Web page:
GRAND RAPIDS, Mich. (WOOD) — As an almost-century old Grand Rapids school building is set to be demolished, an entry in ArtPrize works to capture its beauty.
The Kensington School building, located at 1031 Kensington Ave. near Curve Street in the Black Hills neighborhood, was first built in 1925. The elementary school eventually became Adelante High school, which closed in 2004. Its halls have been empty ever since.
In May, the Grand Rapids Public Schools Board voted to demolish it and turn it into a green space.
After hearing about the building’s fate, artists Zachary Trebellas and Amber Bledsoe set out to capture the building’s spirit in their ArtPrize entry, A Swan Song to the Kensington School Building, on display at Silva on Ottawa Avenue near Mason Street.
Both artists moved to the Grand Rapids area around 2015. Bledsoe, after graduating with a MFA at Kendall College, said she continued her practice and met other artists in the city.
“It really captured my heart,” she said. “The architecture here and the other artists that I’m able to connect with allowed me to stick around and create beautiful pieces like this.”
Trebellas had done previous pieces exploring shared community culture, like creating pieces about defunct Burton Heights businesses and people’s memories in those spaces.
“It was interesting to think like, ‘Oh, that’s really a theme that keeps coming back,'” he said. “I think that that feels important when we’re about to lose something, and as an artist, I think I have a role to play in that process.”
He had always admired the building while biking around town, and when he read it was set to be torn to, Trebellas said he wanted to find a way to pay tribute to it.
The school building is set to be demolished by Dec. 1, Trebellas said, so they expect it will be torn down sometime in November.
Bledsoe said the “loss of something so beautiful and so monumental in a community” spoke to both artists, inspiring them to connect to create the piece.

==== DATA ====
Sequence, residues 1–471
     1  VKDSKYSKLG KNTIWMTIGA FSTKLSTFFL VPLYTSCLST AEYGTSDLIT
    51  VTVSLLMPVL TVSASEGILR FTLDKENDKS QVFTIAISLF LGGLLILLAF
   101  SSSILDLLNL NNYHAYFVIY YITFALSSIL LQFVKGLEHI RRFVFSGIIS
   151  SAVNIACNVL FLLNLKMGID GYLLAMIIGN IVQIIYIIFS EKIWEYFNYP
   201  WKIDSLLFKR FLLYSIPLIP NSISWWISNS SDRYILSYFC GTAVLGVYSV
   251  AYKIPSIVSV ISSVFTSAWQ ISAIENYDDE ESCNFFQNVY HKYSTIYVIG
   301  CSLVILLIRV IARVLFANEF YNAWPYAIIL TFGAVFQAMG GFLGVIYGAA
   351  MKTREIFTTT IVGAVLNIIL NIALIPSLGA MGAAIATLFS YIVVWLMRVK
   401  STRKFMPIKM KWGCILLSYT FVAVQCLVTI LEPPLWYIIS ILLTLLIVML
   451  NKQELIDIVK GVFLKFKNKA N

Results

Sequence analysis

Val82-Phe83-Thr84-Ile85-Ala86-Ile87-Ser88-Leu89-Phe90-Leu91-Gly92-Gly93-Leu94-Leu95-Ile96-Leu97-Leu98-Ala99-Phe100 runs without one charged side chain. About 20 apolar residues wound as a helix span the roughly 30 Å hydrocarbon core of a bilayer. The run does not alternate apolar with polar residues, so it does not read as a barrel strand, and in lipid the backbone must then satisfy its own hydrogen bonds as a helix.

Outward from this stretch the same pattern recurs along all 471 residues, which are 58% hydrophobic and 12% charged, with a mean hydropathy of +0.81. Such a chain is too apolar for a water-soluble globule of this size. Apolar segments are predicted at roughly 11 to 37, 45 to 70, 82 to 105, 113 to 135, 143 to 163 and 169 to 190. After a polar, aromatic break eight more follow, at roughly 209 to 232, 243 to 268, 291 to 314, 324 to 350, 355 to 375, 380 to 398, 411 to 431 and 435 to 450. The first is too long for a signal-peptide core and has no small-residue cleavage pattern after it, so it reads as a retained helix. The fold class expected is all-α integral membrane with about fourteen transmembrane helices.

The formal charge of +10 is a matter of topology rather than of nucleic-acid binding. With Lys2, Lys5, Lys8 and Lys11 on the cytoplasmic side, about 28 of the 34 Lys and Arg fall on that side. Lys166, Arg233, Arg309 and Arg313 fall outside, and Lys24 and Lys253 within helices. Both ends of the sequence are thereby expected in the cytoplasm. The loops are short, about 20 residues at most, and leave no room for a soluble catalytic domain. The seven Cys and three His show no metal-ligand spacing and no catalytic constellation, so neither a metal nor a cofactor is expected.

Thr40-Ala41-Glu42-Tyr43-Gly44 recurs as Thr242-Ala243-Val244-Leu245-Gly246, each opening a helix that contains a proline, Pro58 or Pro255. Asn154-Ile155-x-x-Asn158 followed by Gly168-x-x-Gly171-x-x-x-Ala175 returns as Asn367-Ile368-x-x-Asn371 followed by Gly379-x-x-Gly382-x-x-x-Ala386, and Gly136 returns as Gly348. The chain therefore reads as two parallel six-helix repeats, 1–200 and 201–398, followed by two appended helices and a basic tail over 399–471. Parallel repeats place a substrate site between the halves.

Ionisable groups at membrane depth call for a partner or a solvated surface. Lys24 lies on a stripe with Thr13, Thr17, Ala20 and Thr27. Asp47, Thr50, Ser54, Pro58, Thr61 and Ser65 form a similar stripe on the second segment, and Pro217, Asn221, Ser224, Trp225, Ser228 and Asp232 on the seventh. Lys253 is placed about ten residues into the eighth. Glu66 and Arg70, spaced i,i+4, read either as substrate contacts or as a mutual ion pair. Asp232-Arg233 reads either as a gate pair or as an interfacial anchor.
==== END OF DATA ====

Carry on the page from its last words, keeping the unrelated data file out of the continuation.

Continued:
They did so with the help of community members, who gathered to create crayon rubbings of the school’s brick.
Decorative pieces found throughout the building were recreated by brushing on molds, allowing them to make detailed casts.
As Bledsoe and Trebellas worked, people came by who were curious about what they were doing. Others shared stories of attending the school, they said.
“People we talked to seem mostly kind of bummed out that it was coming down, but people also were excited for a new park, too,” Trebellas said.
A white piece of fabric is draped over parts of the piece, with smaller crayon rubbings. For a pop of color, foliage pieces, made to look like the moss and weeds growing around the vacant building, are set throughout the piece.
While they didn’t have any personal connections with the building before this piece, their work led to an emotional connection with the school.
“I thought about the people that must have built it in the 20s and it was just interesting, like how we were sort of in communication with their processes,” Trebellas said. “The way that we made the molds are so similar to the way that those elements in the school would have been made in the 20s and we were using a company that’s been around since the 1890s. So we’re really using like similar technology to what they built the school with. … It felt very intimate.”
Also on display with the piece are photos of the Kensington School building. Trebellas said he hopes ArtPrize attendees might stop by the school after looking at the piece to reflect on the artwork and the building.
“I think emotionally we’d like them to kind of walk away tranquil, but also taking in the beauty of the textures of the decorative elements of the building as a structure itself, and walk away feeling like we actually paid tribute to this monument of public education that was a part of the Black Hills community,” Bledsoe said.